December 19-22, 2008
Death Valley National Park, starting at Panamint Springs, California.
This is going to be an epic tour of a large percentage of the off-road trails located within the north-west portion of Death Valley National Park. The plan is to spend all four days camping and off-roading. We will see The Racetracks, Eureka Dunes, Scotty's Castle, Stovepipe Wells and all that there is to explore in between including beautiful desert scenery and many old ghost towns.
General Plan and Meeting Places:
Day 1: Friday, Dec. 19th: Panament Springs to Homestead Dry Camp. 66 miles.
Top off our tanks in Penament Springs and leave by 9:00 a.m. driving west to the entrance of Hidden Valley Road to The Grandstand and The Racetrack and ending the day at Homestead Dry Camp
Day 2: Saturday, Dec. 20th: Homestead Dry Camp to Eureka Dunes Dry Camp. 52 miles.
Leave Homestead Dry Camp at 9:00 a.m. taking Saline Valley Road past Warm Spring Camp Ground to Steel Pass Road to Eureka Dunes Dry Camp
Day 3: Sunday, Dec. 21st: Eureka Dry Camp to Mesquite Spring Camground. 87 miles.
Leave Eureka Dunes Dry Camp at 9:00 a.m. Continue north along South Eureka Valley Road to North Eureka Valley Road. We'll head up a 4-wheel drive road through Cucomungo Canyon then north to Hwy 266. We'll be on pavement for 10.7 miles to Lida where we'll head south along Tule Canyon to join Big Pine / Death Valley Road. We will finish up the day at Mesquite Spring Campground. This plan may have to be altered if no gas is available at Scotty's Castle.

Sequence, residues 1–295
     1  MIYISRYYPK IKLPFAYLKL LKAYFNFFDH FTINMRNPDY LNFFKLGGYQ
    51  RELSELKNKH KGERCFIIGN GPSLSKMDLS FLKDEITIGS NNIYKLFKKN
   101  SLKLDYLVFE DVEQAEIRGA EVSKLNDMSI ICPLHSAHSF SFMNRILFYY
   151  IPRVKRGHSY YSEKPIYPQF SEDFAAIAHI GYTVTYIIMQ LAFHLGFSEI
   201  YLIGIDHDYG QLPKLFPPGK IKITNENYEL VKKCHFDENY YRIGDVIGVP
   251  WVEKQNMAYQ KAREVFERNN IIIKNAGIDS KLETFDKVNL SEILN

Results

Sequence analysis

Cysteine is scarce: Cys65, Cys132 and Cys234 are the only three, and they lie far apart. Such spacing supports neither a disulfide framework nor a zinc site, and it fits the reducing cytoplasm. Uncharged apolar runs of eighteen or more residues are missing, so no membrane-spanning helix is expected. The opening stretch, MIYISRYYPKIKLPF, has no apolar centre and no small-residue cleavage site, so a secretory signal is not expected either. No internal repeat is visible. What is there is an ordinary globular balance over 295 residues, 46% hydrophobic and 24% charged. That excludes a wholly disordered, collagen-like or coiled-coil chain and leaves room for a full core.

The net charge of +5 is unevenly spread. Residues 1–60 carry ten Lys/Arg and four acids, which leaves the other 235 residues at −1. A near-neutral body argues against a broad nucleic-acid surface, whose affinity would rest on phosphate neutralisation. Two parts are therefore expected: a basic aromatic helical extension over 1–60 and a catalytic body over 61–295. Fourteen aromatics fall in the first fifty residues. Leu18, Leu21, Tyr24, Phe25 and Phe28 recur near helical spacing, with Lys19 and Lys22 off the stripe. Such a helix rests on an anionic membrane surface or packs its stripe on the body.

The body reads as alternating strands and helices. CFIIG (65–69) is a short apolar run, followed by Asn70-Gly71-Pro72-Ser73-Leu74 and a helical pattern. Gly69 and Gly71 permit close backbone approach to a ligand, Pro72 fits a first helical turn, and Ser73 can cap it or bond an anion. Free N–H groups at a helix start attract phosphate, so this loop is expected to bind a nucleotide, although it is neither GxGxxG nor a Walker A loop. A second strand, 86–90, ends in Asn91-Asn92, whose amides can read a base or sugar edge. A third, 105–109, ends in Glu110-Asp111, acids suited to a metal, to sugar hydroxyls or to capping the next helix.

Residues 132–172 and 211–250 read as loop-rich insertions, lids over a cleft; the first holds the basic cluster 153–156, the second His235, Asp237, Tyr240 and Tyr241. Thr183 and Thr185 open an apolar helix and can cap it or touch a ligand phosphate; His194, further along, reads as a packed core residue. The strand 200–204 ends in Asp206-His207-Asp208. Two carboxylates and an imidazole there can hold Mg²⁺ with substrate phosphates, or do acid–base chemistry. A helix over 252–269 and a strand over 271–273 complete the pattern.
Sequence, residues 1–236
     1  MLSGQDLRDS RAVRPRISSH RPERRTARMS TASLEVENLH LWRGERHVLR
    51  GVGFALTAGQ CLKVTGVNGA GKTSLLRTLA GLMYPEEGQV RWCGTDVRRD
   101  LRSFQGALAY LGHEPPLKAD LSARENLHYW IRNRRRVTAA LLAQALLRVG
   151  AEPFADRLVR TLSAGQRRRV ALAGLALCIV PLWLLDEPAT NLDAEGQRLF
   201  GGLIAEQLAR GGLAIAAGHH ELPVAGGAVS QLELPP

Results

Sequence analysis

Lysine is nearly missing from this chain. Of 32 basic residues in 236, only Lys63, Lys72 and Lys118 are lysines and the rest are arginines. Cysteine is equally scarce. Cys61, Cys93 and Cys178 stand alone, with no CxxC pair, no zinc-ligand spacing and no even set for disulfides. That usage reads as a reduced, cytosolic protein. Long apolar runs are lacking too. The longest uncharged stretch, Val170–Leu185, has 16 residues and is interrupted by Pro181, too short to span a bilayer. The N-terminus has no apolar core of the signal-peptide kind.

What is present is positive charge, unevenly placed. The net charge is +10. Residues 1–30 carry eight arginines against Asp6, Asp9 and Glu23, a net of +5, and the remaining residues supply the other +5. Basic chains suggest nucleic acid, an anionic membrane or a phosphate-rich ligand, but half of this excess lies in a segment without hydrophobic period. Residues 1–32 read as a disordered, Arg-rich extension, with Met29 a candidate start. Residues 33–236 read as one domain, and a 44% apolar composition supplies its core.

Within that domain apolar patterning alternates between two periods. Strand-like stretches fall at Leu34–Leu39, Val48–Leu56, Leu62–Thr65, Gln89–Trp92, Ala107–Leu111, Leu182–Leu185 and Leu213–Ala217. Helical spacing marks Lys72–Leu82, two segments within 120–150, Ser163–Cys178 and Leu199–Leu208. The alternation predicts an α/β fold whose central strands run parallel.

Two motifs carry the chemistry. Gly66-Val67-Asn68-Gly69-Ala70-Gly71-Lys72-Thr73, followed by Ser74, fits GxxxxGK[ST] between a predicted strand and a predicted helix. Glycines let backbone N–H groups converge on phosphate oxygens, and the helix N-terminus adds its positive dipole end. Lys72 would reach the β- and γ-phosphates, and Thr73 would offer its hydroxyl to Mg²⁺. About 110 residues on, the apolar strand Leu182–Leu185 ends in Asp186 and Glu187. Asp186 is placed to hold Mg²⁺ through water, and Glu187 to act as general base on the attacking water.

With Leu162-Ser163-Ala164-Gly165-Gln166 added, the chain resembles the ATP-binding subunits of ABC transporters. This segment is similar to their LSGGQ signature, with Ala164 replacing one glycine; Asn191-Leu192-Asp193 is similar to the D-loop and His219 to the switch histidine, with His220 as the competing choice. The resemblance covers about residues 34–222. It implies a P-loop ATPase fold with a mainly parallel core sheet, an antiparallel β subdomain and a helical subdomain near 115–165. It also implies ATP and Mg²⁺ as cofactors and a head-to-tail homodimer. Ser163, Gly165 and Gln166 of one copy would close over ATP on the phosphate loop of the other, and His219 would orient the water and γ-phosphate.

Day 4: Monday, Dec 22nd: Mesquite Spring Campground to Stovepipe Wells Village. 106 miles.
Leave Stovepipe Well Village at 9:00 a.m. then stopping by Scotty's Castle to explore a bit. We'll continue northeast up Hwy 267 crossing into Nevada to Bonnie Claire then head south on dirt roads to Beatty. From Beatty we'll go to Titus Canyon Road. We'll be on pavement once again as we end the day in Stovepipe Wells Village.
There is gas in Panamint Springs, Beatty, and Stovepipe Wells. The longest distance between fill ups will be about 210 miles. Bring an extra 5 gallons if you are concerned.
Expect temperatures to be from 70F during the day to 30F in the evening. Bring some warm clothes and a decent sleeping bag.
Bring plenty of water. A 5-gallon container of water is standard emergency backup.
Travel prepared. Things can go wrong quickly in the backcountry. Pre-trip planning could save your life. Bring basic tools, a shovel, extra water and food with you. In the higher elevations, snow and ice conditions may require tire chains. Top off your gas tank before starting a trip. Flat tires are a common problem for backcountry visitors due to rough road conditions or from having unsuitable tires. Make sure your vehicle is equipped with “off-road” tires rather than highway or street tires. Carry at least one inflated spare tire (preferably two), a can of fix-a-flat or tire plug kit, a 12-volt air-compressor, a lugwrench, and be sure all parts of your jack are on hand. Know how to use your equipment before you head out.
Backcountry Roads at nps.gov (includes map)
Travis Gill (aka Snoopy) at [email protected]
We will be using FRS Radio channel 12, subcode 24 for communications.